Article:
LIMERICK, MAINE -- A local man acted in self-defense when he used an assault rifle to kill a 550-pound bull moose that was ramming its antlers against his house, authorities said.
The incident happened around 10 p.m. Wednesday. David Morin said he was lying in bed when he heard a crashing noise outside the window of his Pickerel Pond Road house.
"I thought maybe it was a tree," he said. The third time Morin heard the noise he got up, looked out a window and saw the 2-year-old moose slamming its antlers into the house.
Morin first grabbed a .357-handgun, and looked out the door. He tried to scare the animal away three times. He was concerned that the moose might smash the window and charge through the house.
The fourth time he went outside, the moose started toward him. By then Morin had traded his pistol for an AK-47 assault rifle. He shot the animal and killed it.
"I thought when I went out he'd go away, because I didn't really want to shoot him," Morin said.
Late September and early October is breeding or "rutting" season for moose, and aggressive behavior is typical. But wildlife experts say it's unusual for a moose to approach a home like that.
Adult male moose shed their antlers each year. The antlers grow again in early spring, and are fully developed by the end of summer. They then try to rub the velvet covering off by thrashing them against bushes or trees, said state wildlife biologist Karen Morris.
"It's very normal for them to be thrashing their antlers," she said. "It's not usual for them to thrash against a house."
But Morin said the moose was doing more than thrashing. "He was hitting the house pretty hard," he said. "He wasn't scraping, he was butting. He was smashing it straight on."
During the fall mating season, bull moose may spar to defend their right to mate with a cow. They may also show more aggression toward humans. In the spring or summer, cow or female moose with calves may attack humans who get too close to their young.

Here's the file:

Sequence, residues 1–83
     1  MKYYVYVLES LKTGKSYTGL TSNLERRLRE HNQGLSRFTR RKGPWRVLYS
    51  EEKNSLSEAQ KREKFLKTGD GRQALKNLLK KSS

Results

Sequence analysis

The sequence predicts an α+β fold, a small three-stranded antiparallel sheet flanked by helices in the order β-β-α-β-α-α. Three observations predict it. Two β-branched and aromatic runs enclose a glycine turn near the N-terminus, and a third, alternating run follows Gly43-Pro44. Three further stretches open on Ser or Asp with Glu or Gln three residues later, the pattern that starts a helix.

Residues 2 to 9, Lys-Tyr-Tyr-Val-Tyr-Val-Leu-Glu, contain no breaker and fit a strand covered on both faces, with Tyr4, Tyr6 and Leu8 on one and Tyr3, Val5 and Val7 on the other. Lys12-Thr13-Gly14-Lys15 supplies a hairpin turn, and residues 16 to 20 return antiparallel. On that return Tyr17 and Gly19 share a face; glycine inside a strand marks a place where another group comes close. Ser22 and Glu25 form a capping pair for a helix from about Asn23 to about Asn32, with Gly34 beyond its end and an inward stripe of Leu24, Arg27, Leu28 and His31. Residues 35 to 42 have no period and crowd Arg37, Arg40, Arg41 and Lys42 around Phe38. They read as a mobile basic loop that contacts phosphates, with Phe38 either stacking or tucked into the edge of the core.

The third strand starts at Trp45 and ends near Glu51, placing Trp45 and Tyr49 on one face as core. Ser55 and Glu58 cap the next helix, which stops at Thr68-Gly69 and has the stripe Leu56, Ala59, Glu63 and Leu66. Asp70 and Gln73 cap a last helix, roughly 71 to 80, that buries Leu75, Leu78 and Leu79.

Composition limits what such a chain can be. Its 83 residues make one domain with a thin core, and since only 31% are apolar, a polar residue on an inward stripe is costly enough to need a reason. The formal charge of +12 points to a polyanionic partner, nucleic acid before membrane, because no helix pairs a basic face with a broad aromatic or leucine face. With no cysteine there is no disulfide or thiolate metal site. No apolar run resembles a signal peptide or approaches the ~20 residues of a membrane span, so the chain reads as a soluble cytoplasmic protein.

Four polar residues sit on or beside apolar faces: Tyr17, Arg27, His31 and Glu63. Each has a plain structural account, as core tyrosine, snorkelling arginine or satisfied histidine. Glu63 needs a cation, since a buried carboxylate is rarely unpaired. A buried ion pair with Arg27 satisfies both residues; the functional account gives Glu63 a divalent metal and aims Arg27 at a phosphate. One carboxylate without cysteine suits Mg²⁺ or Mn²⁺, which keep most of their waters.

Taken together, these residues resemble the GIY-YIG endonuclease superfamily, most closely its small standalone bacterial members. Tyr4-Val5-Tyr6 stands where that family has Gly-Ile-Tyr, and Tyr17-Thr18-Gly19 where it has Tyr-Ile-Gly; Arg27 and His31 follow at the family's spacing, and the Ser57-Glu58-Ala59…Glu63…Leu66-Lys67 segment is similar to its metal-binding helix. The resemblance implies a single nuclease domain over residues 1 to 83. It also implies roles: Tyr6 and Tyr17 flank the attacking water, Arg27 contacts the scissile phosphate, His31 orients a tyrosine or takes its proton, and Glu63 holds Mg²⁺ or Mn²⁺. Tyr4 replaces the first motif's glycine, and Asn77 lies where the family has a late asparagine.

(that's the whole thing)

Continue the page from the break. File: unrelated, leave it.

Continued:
Moose may also attack humans if they are injured and feel threatened, or if they are sick, said Phil Bozenhard, a state wildlife biologist.
"You need to give them a bit of respect," he said. "They're wild by nature, and if you give them an opportunity, anything can happen."
Game Warden Michael Joy said Morin was "shook-up" when he first spoke with him. The side of Morin's home had marks where the moose dug its antlers in, and the tips of the moose's antlers were white from the dried paint.
Morin will not face charges because he shot in self-defense. In retrospect, Joy said, Morin should have stayed away. "When you see an animal like that, go the opposite direction," he said.
Joy brought the dead moose to a butcher, who will distribute the meat to needy families, he said.
"In my eight years as a warden, I've never investigated a report of someone shooting a moose (in self-defense) and found out it's true. This was the first time," he said.
Staff Writer Grace Murphy can be contacted at 282-8228.
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